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Tuesday, Oct 17, 2017
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'The Foreigner' is Jackie Chan's (terrible) attempt at being taken seriously

Jackie Chan, master of martial arts comedy, wishes to be taken seriously as an actor. Seriously.

The Foreigner is no place to start and a smart place to finish.

For once, Chan isn't the most incomprehensible thing in one of his movies. The Foreigner expects viewers to come in understanding the Irish independence movement and its terrorist history. Or else, ear-squint through brogues arguing about it. Before long it isn't worth the trouble.

Chan spends the first 30 minute of Martin Campbell's movie doing things to which he's unaccustomed. He mistakes silence for drama playing Ngoc Minh Quan, a London restaurant owner whose teenage daughter is killed in a terrorist bombing. Chan's grieving face just looks tired, his lines doled out in phonetic edits.

A group called the Authentic IRA takes credit. I'm guessing the IRA to most Americans is a retirement plan but the Irish Republican Army's goal decades ago is key to The Foreigner. That's when the book it's based upon was published, when the movie probably should've been made.

Pierce Brosnan co-stars as Liam Hennessy, a former IRA activist now serving as a government mediator between England and Northern Ireland's independence fighters. He's shady but nothing like the Jenga conspiracy surrounding him later, shoving Quan aside to introduce confusing deceit.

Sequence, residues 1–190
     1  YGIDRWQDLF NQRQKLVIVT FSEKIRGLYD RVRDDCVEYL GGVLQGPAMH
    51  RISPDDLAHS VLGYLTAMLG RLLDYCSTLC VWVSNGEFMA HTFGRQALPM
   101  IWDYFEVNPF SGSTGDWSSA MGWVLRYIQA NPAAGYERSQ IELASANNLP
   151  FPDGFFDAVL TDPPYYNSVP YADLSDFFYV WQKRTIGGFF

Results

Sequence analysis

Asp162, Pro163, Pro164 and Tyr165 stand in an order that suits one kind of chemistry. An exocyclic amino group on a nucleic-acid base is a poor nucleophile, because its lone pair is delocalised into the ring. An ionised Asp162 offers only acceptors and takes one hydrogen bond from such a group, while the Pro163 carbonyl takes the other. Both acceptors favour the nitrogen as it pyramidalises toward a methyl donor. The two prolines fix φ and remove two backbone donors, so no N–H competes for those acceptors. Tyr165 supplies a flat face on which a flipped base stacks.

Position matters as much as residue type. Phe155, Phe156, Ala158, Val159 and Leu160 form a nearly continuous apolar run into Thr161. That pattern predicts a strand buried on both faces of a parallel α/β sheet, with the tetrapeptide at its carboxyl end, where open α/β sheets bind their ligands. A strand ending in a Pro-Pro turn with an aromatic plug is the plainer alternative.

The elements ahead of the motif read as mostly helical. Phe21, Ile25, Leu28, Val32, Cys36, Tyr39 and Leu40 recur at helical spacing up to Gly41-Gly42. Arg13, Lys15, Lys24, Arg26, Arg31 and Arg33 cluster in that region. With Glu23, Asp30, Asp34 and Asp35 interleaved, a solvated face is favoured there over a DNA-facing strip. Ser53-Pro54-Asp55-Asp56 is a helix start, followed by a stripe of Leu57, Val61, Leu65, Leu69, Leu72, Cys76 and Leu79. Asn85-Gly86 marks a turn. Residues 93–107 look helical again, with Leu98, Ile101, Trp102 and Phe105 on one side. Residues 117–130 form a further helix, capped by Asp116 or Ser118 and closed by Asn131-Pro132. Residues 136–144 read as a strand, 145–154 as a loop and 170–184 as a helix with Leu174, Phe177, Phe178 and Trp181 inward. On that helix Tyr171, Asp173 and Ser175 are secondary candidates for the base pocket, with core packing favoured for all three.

Quan thinks Hennessy knows who set off the bomb and wants names. When he doesn't get them, Quan immediately transforms into a slightly less creaky, more stunt man-dependent Jackie Chan, setting off McGyver bombs and acrobatic brawls. Each body double is another reason why this movie should've been made years ago. Even then, not with this ending. Seriously.

Contact Steve Persall at spersall@tampabay.com or (727) 893-8365. Follow @StevePersall.


The Foreigner

Director: Martin Campbell

Cast: Jackie Chan, Pierce Brosnan, Charlie Murphy, Dermot Crowley, Orla Brady, Lia Williams, Niall McNamee, Rufus Jones

Screenplay: David Marconi, based on the novel The Chinaman by Stephen Leather

Rating: R; strong violence, profanity, mild sexual content

Running time: 114 min.

Grade: C-

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